Danish authorities have signed a new four-year agreement as part of an on-going programme to combat salmonella and campylobacter. The government has pledged to spend DKK 25m (€3.3m) annually until 2014 to strengthen its fight against the bacteria. The cash would also be used to investigate Listeria and study E.coli resistance seen in imported poultry meat.
Officials said effort would be intensified on reducing incidents of the pathogens in the processing and retail parts of the food supply chain.
The Ministry of Food, Agriculture and Fisheries announced the initiative even though numbers sickened by campylobacter and salmonella had fallen between 2007 and 2010 and there was currently no salmonella in its domestic fresh chicken meat.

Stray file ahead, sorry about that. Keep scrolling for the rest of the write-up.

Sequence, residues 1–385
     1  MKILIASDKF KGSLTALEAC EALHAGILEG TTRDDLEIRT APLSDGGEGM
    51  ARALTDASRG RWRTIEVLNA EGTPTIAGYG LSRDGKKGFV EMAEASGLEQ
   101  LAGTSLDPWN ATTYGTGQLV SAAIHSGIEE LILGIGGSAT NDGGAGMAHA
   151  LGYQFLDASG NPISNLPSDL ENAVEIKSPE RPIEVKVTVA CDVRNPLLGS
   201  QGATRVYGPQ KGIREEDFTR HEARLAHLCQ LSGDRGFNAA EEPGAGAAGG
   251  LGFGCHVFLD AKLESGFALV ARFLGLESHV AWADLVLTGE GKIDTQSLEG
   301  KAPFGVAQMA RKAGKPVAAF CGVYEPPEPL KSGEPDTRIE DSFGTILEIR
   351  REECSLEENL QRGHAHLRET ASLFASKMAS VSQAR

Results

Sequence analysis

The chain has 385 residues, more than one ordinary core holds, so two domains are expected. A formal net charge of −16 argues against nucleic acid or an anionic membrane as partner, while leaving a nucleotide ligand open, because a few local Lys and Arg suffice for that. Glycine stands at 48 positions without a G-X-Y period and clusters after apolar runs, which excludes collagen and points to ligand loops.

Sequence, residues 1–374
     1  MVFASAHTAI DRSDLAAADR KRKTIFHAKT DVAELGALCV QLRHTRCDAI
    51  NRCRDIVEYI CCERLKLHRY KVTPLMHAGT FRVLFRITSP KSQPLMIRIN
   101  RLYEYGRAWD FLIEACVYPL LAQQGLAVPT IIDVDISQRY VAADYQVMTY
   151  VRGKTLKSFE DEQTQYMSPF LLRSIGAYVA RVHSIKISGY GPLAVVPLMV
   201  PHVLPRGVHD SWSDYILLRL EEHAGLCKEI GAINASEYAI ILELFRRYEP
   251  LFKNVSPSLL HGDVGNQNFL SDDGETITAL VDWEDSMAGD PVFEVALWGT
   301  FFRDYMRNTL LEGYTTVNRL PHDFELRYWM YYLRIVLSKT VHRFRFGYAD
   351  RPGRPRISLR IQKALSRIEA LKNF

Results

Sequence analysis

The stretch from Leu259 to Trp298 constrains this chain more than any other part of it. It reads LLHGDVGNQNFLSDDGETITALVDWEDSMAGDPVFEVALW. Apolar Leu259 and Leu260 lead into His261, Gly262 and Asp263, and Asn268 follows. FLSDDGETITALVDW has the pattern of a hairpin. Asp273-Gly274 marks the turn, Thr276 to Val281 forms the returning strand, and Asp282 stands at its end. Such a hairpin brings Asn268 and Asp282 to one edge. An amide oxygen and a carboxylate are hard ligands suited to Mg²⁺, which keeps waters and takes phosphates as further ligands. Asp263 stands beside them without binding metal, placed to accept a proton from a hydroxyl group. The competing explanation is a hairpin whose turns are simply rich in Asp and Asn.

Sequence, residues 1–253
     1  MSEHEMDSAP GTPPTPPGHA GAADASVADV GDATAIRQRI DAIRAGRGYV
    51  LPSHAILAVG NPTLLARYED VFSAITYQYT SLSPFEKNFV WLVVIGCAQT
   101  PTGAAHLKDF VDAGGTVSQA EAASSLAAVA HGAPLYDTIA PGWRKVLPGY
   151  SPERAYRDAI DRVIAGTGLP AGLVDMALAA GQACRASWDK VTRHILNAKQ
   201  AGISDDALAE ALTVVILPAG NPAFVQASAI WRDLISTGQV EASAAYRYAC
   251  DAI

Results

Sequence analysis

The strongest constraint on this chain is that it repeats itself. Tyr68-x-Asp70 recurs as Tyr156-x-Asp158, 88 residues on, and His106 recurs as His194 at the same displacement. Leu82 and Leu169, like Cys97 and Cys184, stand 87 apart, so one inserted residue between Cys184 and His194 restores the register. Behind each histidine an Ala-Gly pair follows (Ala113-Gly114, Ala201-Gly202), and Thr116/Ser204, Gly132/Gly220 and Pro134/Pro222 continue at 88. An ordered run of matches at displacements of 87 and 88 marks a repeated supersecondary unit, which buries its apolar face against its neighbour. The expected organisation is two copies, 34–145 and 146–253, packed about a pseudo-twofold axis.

In the UK, the Food Standards Agency (FSA) is commissioning a range of research to combat campylobacter. The body recently highlighted the bacteria as the number one cause of food poisoning in the UK – causing over 300,000 food poisoning cases annually that costs the economy almost ₤600m.
Campylobacter is most commonly found in poultry although it can also occur in red meat, unpasteurised milk and untreated water. The research will be used as part of a five-year action plan to improve risk management processes throughout the supply chain.
The FSA is looking to commission studies on controlling and monitoring of campylobacter in slaughterhouses, predictive models and a project to measure the effectiveness of biosecurity training. The feasibility of developing a rapid on-farm testing procedure and measuring the impact of interventions will also be evaluated.
Details on the research requirements, including deadlines can be found by clicking HERE